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Mike Lin, managing director, Southeast Asia

Edwards’ medical innovations bring real-life benefits to structural heart disease patients

  • Edwards Lifesciences is committed to raising awareness about structural heart diseases and developing medical devices to manage these conditions
Supported by:Discovery Reports

Country Business Reports interviews and articles by Discovery Reports

Cardiovascular diseases are the top causes of death according to the World Health Organization. Many people can recognise physical signs such as chest pains associated with coronary heart diseases and can take immediate measures for interventional therapies. However, many others are caught unaware of valve stenosis – narrowing of the heart valve due to calcification – or deteriorating heart valves – often the effect of childhood rheumatic fever – because presentations of symptoms are slow, often mistakenly associated with ageing or other ailments. Unfortunately, the physical destruction of heart valve tissue cannot be stopped nor reversed with medicine.

As a patient-focused firm, Edwards Lifesciences is committed to raising awareness about structural heart diseases and developing medical devices to manage these conditions. In doing so, Edwards is not only helping those afflicted with structural heart disease, but also potentially saving the lives of those in the dark about it.

“Many patients suffering with heart valve issues are undiagnosed. We want to help remedy this by encouraging people to have their doctors pay close attention to their hearts during their annual check-ups. If physicians can properly diagnose these conditions earlier, then it gives them time to decide on the best course of treatment and also minimises the cascading detriments to other aspects of their health and well-being,” says Mike Lin, managing director, Southeast Asia.

Edwards pioneered the first commercial artificial mechanical heart valve in 1960. Since then, the company has been blazing the trail in the field of heart valve technologies, scrutinising the unmet needs of patients and developing newer-generation solutions to address them.


Edwards spends significant investment, for instance, 17 per cent of its revenue last year went into research and development. Edwards collaborates closely with clinicians to continuously improve its devices and develop new therapy options. Testament to its technological leadership, the Edwards new generation of tissue features advanced anti-calcification properties, while the Edwards transcatheter valves are the most widely studied heart valves worldwide.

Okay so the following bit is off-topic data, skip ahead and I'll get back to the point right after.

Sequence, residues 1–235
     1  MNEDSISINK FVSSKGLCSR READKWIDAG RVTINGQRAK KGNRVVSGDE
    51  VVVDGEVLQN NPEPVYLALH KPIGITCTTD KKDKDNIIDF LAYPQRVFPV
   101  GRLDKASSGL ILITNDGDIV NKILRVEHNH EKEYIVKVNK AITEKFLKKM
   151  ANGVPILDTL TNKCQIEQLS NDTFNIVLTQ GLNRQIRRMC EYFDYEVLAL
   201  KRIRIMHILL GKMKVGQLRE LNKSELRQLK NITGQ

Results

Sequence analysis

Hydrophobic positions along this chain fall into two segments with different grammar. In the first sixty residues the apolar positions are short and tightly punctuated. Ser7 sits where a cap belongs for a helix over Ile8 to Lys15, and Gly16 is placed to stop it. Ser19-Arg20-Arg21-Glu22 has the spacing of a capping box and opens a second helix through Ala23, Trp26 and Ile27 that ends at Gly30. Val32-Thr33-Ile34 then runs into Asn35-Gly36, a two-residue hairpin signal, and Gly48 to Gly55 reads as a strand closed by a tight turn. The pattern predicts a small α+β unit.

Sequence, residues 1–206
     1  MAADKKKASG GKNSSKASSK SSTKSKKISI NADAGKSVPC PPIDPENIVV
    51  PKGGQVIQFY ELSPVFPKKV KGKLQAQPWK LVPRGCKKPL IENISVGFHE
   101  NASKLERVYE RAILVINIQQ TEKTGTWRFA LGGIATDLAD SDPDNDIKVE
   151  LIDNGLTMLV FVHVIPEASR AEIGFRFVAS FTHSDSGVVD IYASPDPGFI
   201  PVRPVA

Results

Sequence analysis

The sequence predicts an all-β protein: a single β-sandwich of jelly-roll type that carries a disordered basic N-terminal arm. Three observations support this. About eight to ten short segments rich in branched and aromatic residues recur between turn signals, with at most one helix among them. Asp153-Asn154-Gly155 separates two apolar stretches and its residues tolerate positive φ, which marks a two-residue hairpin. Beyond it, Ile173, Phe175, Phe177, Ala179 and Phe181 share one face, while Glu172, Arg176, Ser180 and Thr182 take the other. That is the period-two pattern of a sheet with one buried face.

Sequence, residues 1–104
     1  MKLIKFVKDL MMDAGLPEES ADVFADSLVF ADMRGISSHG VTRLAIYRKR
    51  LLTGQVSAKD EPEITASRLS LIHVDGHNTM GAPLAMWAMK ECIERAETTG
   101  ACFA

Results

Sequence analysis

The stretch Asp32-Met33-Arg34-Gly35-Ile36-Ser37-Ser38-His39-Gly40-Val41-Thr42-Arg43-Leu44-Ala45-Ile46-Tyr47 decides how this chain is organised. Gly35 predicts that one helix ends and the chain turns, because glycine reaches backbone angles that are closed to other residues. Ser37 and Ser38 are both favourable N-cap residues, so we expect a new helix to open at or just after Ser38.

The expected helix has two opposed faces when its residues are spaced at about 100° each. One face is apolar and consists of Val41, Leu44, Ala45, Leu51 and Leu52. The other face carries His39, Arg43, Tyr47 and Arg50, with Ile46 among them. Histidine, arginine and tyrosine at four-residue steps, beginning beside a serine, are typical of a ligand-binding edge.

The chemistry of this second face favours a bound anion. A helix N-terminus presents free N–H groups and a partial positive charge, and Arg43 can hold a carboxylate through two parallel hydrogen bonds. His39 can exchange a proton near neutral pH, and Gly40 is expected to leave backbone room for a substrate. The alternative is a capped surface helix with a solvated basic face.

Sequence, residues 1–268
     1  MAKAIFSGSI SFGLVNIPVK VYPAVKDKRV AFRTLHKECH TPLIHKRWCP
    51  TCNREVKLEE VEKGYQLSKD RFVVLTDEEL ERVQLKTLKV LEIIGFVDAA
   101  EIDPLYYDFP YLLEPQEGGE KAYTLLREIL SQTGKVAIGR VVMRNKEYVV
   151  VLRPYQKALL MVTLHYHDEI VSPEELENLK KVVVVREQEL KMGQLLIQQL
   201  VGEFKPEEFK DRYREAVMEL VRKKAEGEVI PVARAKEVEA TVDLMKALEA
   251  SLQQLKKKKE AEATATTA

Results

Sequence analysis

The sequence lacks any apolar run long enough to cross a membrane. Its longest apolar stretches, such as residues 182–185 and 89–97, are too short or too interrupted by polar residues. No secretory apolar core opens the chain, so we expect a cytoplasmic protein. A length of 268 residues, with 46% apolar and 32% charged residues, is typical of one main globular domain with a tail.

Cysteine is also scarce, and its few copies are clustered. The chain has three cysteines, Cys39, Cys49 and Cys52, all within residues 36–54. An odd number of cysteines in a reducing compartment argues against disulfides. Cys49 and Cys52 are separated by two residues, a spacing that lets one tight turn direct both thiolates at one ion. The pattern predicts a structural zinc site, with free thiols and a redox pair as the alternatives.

“As a patient-focused innovator, we work with clinicians to improve our collective understanding of structural heart diseases and where we can competently develop new therapies, and we stay true to our credo to focus on patients. For instance, we retired our mechanical heart valve because we realised that although we improved patients’ lives by replacing their malfunctioning native valves, the mechanical valves require prescription grade anticoagulants to ensure optimal movement. These anticoagulants can cause severe side effects if not monitored closely. Scheduled monitoring and adjustments of blood thinner dosages is required with mechanical valves for the patients’ lifetime. In its place, our surgical and transcatheter bioprosthetic (tissue) valves eliminate the need for blood thinners, while helping to restore proper function to their valves and improve their health and lives,” Lin says.

Top heart centres worldwide work with Edwards. Close coordination with a multidisciplinary heart team – comprising of cardiac surgeons, interventional cardiologists, imaging specialists and more – helps to ensure patient-appropriate treatment plans.

With different device types reducing post-treatment risks and enabling an active lifestyle, Edwards has expanded the toolsets of clinicians.


Edwards, not surprisingly, is also the largest heart valve manufacturer in the world, with valve manufacturing facilities in the United States, Costa Rica, Ireland, and notably Singapore, which employ more than 2,000 skilled team members. Most recently, the first aortic valved conduit implantation in Asia was done in Singapore using an Edwards aortic valved conduit with new-generation tissue.

“We’re fortifying our clinical relationships as we continue down the path of delivering innovations to hospitals and their referral partners. We have an exciting pipeline focused on bringing more options to patients in need,” Lin says.